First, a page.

Separatists in Iran kill up to 19, including Guard commander
DUBAI, United Arab Emirates (AP) — Iranian state-linked media reported late Friday that up to 19 people, including a commander in the paramilitary Revolutionary Guard, were killed in an attack by armed separatists on a police base in the eastern city of Zahedan.
It was not immediately clear if the attack, which unfolded earlier in the day as crowds had gathered at a nearby mosque for Friday prayers, was related to the nationwide antigovernment protests gripping Iran. The reports did not identify the separatist group.
In a separate development, Iran said it has arrested nine foreigners linked to the protests, which authorities have blamed on hostile foreign entities, without providing evidence.
State TV said armed separatists concealed themselves among worshippers and attacked a police base near the mosque in Zahedan. The state-run IRNA news agency cited witnesses as saying that 19 people were killed and 15 wounded, but there was no official confirmation.
The semiofficial Tasnim news agency reported that the head of the Guard’s intelligence department, Seyyed Ali Mousavi, was shot during the attack and later died.
The Sistan and Baluchestan province borders Afghanistan and Pakistan, and has seen previous attacks on security forces by ethnic Baluchi separatists.
Thousands of Iranians have taken to the streets over the last two weeks in protests over the death of Mahsa Amini, a 22-year-old woman who had been detained by the morality police in the capital, Tehran, for allegedly wearing her mandatory Islamic headscarf too loosely.
The protesters have vented anger over the treatment of women and wider repression in the Islamic Republic. The nationwide demonstrations rapidly escalated into calls for the overthrow of the clerical establishment that has ruled Iran since its 1979 Islamic revolution.
The protests have drawn supporters from various ethnic groups, including Kurdish opposition movements in the northwest that operate along the border with neighboring Iraq. Amini was an Iranian Kurd, and the protests first erupted in Kurdish areas.
Iran’s Intelligence Ministry said the nine foreigners arrested include citizens of Germany, Poland, Italy, France, the Netherlands and Sweden, state news agency IRNA reported. It was not immediately clear if they were Iranians with dual citizenship.
The ministry did not provide evidence for any of its claims.
Iran has detained a number of Iranians with dual citizenship over the years, accusing them of spying or otherwise undermining national security. Critics accuse Iran of using such detainees as bargaining chips to secure concessions from the international community.
A number of Europeans were detained in Iran in recent months, including a Swedish tourist, a Polish scientist and others. Two French citizens arrested in June are accused of meeting with protesting teachers and taking part in an antigovernment rally.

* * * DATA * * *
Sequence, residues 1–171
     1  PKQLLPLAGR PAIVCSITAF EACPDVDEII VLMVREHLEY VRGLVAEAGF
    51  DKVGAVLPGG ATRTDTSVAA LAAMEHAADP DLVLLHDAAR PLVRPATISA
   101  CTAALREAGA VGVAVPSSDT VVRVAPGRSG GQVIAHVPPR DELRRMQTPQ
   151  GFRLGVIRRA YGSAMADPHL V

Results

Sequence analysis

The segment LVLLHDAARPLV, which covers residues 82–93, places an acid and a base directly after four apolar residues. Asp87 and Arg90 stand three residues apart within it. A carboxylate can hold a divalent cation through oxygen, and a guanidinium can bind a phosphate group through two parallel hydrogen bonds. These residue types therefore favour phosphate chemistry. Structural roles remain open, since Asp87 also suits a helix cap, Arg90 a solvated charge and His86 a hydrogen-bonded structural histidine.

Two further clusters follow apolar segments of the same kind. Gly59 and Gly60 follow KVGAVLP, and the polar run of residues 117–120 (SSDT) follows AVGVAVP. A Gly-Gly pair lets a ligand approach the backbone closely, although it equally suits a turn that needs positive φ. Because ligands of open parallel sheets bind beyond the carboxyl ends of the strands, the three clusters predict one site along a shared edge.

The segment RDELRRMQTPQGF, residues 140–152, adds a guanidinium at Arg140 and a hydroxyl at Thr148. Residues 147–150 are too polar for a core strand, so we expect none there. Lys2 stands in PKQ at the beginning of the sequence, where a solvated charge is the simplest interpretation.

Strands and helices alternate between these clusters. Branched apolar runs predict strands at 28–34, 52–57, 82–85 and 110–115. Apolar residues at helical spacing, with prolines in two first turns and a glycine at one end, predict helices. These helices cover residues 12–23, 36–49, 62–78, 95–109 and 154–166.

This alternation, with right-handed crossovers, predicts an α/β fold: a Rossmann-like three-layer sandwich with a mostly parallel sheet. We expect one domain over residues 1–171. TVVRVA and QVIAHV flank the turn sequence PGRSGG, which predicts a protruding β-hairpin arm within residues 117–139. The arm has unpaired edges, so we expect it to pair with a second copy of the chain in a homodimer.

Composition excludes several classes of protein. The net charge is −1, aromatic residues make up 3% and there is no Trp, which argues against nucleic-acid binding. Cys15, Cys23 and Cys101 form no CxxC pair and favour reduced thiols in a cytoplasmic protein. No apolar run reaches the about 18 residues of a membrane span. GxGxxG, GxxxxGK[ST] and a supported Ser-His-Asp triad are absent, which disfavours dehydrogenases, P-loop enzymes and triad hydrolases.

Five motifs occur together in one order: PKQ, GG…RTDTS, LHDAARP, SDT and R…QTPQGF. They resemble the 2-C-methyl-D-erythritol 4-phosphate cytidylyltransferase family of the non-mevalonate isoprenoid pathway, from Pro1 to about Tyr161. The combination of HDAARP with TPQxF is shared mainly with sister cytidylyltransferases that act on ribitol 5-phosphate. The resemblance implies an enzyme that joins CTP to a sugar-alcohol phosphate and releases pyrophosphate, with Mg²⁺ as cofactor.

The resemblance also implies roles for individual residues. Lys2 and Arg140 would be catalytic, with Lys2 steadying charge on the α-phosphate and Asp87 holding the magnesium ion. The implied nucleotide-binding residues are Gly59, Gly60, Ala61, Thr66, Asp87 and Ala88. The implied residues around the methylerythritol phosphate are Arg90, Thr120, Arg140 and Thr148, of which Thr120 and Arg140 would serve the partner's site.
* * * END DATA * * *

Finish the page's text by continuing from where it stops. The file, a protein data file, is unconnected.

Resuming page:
Earlier Friday, the London-based rights group Amnesty International said it had acquired leaked government documents showing that Iran had ordered its security forces to “severely confront” protesters as the demonstrations gathered strength earlier this month.
The London-based rights group said security forces have killed at least 52 people since protests over the Amini’s death began nearly two weeks ago, including by firing live ammunition into crowds and beating protesters with batons.
It says security forces have also beaten and groped female protesters who remove their headscarves to protest the treatment of women by Iran’s theocracy.
Amnesty said it obtained a leaked copy of an official document saying that the General Headquarters of the Armed Forces ordered commanders on Sept. 21 to “severely confront troublemakers and anti-revolutionaries.” The rights group says the use of lethal force escalated later that evening, with at least 34 people killed that night alone.
It said another leaked document shows that, two days later, the commander in Mazandran province ordered security forces to “confront mercilessly, going as far as causing deaths, any unrest by rioters and anti-Revolutionaries,” referring to those opposed to Iran’s 1979 Islamic Revolution, which brought the clerics to power.
Amnesty did not say how it acquired the documents. There was no immediate comment from Iranian authorities.
Iranian state TV has reported that at least 41 protesters and police have been killed since the demonstrations began Sept. 17. An Associated Press count of official statements by authorities tallied at least 14 dead, with more than 1,500 demonstrators arrested.
The New York-based Committee to Protect Journalists says at least 28 reporters have been arrested.
Iranian authorities have severely restricted internet access and blocked access to Instagram and WhatsApp, popular social media applications that are also used by the protesters to organize and share information.
That makes it difficult to gauge the extent of the protests, particularly outside the capital, Tehran. Iranian media have only sporadically covered the demonstrations.
Iranians have long used virtual private networks and proxies to get around the government’s internet restrictions.
Shervin Hajipour, an amateur singer in Iran, recently posted a song on Instagram based on tweets about Amini that received more than 40 million views in less than 48 hours before it was taken down. Iran Human Rights Organization, a group based in Norway, said that Hajipour has reportedly been arrested. There was no official confirmation.